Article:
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Husband-Wife Duo Are Continuing Their Six Decade Legacy of Educating Black Children With Afro Kids TV

Husband-Wife Duo Are Continuing Their Six Decade Legacy of Educating Black Children With Afro Kids TV

They've taught more than half a million Black families over the years.

A veteran Hollywood husband-wife duo continues their six-decade legacy of educating Black children with Afro Kids TV, AfroTech reports. 

Leo Sullivan, a veteran Hollywood animator, producer, and director, has been working with his wife Ethelyn O. Stewart to educate Black families for the last sixty years. The two have been creating interactive content, servicing over 500,000 Black families through Leo Sullivan Multimedia.

Recently, they were awarded for their contributions in the media, being honored with the Rev. Jesse Jackson Legacy Award. Now, they are continuing their commitment, working with Leo Sullivan's sister company AfroKids.TV, utilizing the visual arts to create new offerings for children in need of a solution for their social and academic challenges.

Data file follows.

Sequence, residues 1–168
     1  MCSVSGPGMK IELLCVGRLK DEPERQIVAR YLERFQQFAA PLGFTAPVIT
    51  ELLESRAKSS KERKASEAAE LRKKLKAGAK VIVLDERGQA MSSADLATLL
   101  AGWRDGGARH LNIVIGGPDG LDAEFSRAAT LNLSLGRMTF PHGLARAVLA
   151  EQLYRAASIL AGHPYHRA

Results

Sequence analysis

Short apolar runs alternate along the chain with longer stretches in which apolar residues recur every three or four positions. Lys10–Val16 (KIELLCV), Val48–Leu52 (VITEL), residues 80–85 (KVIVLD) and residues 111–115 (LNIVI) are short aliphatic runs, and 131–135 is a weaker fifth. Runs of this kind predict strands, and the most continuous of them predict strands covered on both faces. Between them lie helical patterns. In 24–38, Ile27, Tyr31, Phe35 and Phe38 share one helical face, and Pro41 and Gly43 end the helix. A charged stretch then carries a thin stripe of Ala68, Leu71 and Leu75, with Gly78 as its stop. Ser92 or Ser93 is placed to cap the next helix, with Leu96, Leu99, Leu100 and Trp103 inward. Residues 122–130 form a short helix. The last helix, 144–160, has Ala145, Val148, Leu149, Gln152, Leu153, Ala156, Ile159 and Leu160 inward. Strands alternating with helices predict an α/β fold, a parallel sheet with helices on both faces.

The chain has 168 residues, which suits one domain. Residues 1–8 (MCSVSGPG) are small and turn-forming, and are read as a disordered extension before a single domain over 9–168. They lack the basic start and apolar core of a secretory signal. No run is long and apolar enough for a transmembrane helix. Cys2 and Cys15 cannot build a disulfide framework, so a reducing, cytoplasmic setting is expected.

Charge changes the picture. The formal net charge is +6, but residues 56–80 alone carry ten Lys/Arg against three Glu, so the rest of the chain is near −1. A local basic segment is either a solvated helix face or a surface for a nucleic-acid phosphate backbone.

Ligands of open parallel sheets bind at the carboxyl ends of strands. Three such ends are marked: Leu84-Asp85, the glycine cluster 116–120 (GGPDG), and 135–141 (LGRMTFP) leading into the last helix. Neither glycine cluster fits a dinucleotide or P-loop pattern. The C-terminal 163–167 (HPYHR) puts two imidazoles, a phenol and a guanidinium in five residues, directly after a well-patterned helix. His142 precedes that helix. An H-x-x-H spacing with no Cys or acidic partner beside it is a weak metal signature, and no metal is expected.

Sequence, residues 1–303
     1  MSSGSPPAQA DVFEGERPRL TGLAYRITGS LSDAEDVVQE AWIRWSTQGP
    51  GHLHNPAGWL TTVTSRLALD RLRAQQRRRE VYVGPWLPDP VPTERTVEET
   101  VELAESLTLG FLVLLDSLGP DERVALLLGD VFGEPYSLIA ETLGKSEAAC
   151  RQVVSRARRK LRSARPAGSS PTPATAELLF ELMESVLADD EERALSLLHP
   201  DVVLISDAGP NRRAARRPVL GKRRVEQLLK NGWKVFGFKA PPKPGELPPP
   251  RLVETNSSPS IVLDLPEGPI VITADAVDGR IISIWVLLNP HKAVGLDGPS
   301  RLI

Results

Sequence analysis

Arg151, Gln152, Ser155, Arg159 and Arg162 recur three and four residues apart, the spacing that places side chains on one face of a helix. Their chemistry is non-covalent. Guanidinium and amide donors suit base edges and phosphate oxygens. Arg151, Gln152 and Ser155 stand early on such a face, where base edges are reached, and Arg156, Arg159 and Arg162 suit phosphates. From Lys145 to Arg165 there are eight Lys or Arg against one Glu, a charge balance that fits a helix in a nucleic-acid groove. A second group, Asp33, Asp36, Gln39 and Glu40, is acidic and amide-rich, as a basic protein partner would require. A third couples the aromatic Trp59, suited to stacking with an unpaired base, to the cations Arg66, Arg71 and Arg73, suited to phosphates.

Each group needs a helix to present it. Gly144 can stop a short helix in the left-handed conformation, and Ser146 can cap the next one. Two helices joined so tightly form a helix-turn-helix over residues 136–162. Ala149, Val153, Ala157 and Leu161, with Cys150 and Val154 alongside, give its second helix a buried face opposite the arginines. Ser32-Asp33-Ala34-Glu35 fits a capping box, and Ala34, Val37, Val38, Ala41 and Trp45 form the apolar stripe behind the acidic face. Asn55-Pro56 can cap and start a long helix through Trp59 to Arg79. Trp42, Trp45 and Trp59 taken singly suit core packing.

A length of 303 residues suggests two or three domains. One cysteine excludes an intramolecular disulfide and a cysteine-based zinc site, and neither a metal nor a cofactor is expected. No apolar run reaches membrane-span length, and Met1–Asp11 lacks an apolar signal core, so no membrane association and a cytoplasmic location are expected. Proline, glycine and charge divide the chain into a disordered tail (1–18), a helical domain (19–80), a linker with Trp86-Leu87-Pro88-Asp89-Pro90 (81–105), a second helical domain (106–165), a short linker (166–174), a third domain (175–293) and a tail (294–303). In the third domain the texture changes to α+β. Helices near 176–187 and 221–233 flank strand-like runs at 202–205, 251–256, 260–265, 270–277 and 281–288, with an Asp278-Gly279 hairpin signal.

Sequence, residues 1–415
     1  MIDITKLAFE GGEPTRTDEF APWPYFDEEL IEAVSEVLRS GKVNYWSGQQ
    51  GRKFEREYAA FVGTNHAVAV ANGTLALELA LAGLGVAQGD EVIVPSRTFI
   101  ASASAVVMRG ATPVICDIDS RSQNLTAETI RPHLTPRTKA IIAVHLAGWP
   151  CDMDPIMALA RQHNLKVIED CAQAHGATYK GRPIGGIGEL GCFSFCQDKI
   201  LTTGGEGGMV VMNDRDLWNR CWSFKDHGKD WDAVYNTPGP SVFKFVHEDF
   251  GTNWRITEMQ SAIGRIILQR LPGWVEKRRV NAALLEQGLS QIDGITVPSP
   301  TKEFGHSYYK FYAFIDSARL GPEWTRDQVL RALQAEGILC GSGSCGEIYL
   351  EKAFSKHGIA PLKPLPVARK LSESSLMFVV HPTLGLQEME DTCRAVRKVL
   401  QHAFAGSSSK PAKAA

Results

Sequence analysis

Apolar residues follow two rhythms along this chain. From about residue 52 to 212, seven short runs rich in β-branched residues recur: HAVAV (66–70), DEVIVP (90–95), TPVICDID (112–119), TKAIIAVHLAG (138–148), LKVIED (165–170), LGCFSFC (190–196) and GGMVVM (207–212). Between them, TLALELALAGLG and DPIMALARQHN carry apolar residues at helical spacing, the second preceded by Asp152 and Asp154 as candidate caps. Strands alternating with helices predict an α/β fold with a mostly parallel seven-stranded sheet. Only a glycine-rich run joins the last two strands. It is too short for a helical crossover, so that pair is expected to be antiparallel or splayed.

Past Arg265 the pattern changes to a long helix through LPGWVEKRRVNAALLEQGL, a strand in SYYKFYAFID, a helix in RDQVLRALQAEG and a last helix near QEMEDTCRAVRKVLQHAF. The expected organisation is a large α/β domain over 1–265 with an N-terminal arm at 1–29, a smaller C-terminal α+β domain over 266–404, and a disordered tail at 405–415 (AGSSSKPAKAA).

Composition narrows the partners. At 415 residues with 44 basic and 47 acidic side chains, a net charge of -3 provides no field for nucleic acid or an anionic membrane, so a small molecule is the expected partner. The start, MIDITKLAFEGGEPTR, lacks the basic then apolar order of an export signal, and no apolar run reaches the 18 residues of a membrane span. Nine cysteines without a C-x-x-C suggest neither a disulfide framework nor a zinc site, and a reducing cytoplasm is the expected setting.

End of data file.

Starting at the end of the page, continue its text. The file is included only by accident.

"Afrokids is about every child having the opportunity to reach their potential. Sorry to say, the African American child is born into the world with many systemic obstacles already in place to stifle their path to achieving their potential. Afrokids offer a pathway into areas rarely acknowledged in their growth. By the age of five, every child can see the environment that forms their opinions, self-esteem, and who they are as a person. The African American child has even more challenges. That's why the Afrokids brand with its myriad of media content was developed," a statement via the company's website reads. 

Leo Sullivan Multimedia's sister companies include AfroKids.TV,, and Both Sullivan and Stewart felt it was essential to create the platform to expose Black children to more positive imagery and role models that will help them form a sense of identity and self-perception in edifying ways. The platform is kid-centric and helps children navigate life and the world through a culturally aware lens. Something the owners feel is needed today, just as it was more than sixty years ago. 

"Our message is just as relevant today as it was in the '60s," Sullivan said. 

The media company hopes to plant seeds for future generations and partner with other organizations with similar missions to create more informative content and learning aids that help with user retention. 

You can stream the Afrokids TV channel on Amazon Fire TV, Roku, Android TV, and the Apple App Store and Google Play at 

Thank you for your service, Leo and Ethelyn! 

Photo Courtesy of Black News